Stormwater quality documentation of roadside shoulders borrow ditches




Kearfott, Pamela Jane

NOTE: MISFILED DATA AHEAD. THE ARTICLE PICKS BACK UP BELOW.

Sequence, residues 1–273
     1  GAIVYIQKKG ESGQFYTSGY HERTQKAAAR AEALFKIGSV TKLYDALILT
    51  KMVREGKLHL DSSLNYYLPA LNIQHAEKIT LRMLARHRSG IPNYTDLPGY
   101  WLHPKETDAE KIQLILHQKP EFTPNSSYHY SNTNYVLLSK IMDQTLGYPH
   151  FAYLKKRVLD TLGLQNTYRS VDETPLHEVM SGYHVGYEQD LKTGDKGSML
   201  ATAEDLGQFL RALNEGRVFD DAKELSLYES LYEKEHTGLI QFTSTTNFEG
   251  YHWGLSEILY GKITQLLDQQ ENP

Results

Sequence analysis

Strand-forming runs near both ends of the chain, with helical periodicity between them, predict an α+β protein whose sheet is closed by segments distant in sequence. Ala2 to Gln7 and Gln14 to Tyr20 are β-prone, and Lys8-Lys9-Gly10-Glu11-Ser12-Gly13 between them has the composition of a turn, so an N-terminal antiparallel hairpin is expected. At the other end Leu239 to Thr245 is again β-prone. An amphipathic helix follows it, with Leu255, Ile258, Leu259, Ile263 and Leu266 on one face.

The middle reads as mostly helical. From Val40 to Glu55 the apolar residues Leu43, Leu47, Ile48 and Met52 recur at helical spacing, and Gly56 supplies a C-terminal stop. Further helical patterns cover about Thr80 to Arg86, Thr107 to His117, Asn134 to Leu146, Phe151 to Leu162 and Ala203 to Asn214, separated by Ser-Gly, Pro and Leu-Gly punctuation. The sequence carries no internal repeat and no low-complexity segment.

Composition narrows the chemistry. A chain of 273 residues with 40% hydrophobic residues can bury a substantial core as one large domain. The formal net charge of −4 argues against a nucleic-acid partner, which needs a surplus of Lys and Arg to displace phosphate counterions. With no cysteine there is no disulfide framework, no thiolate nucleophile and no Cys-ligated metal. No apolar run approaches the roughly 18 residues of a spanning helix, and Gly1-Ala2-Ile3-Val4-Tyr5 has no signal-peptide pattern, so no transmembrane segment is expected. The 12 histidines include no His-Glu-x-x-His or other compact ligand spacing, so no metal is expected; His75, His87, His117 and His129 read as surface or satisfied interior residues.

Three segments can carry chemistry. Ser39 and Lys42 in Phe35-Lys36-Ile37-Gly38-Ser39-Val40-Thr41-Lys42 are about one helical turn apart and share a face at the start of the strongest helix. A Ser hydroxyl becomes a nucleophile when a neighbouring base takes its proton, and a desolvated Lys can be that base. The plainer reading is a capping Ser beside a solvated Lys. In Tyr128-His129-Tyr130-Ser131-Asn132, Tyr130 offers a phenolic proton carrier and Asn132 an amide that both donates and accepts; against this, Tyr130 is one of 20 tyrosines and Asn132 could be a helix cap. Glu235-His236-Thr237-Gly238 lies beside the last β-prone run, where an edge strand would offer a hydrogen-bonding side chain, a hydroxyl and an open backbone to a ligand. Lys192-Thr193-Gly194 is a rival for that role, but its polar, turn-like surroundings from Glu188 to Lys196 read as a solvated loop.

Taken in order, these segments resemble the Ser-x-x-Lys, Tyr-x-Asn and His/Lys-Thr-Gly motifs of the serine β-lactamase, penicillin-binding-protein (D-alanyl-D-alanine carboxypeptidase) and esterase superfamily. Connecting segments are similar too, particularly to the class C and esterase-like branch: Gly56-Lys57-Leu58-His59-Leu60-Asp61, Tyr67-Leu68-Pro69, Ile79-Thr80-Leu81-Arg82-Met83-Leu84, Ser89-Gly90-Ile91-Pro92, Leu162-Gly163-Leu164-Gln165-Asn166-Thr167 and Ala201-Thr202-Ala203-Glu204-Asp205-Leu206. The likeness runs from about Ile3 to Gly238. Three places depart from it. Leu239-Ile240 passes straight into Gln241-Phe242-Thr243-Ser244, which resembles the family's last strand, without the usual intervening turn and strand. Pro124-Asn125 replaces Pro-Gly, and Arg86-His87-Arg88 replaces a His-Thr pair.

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Nonpoint source pollution is an environmental problem that is a concern among regulatory agencies and water quality professionals. A portion of this pollution is conveyed to receiving waters by stormwater drainage from highways, often via vegetated roadside shoulders, also called borrow ditches. Vegetated filter strips are recognized by many regulatory agencies as a Best Management Practice for the control and treatment of stormwater; however design parameters such as length, width, and vegetative cover are not specified. Therefore, it is important to evaluate and document the extent to which these vegetated areas may reduce pollutant loads in runoff and to mitigate the effects of discharging untreated highway runoff directly into receiving bodies of water. The primary objective of this study is the documentation of the stormwater quality benefits of these vegetated sideslopes typical of common rural highway cross sections in Texas. The scope of this project included the selection of three sampling sites in the Austin area that met a predetermined set of site criteria; the installation of 12 passive stormwater samplers and collection systems; monitoring of the sites and collection of runoff samples from storm events over a 14 month period; laboratory analyses of each of the runoff samples; compilation of the results into a database; statistical and graphical analyses of the results to determine differences between sites; and the evaluation of the performance of each of the vegetated filters and recommendations of site conditions conducive to maximum pollutant removal. Results from this study indicate that significant removal of some pollutants occurs over the width of vegetated filter strips, often within the first four meters of the edge of pavement. The results also indicate that vegetation density has a direct effect on the performance of vegetated filter strips. Dense vegetative cover within close proximity to the road surface and vegetative covers of at least 90% are recommended to allow for maximum pollutant removal. The effects of a permeable friction course on the quality of runoff leaving the road surface were also examined. These results indicate that the porous surface appears to have a substantial impact on the quality of runoff leaving a road surface. These improvements in water quality are as great, if not greater, than the improvements gained from the vegetated filter. Overall, the results from this study indicate that vegetated filter strips should be utilized by TxDOT as a best management practice for controlling and treating stormwater runoff from Texas’s highways. These filter strips demonstrate consistently high removal efficiencies for many of the pollutants of concern in stormwater runoff. In addition to providing water quality benefits, these vegetated areas are inexpensive and easy to implement, are easy to manage, and provide aesthetic benefits to the surrounding environment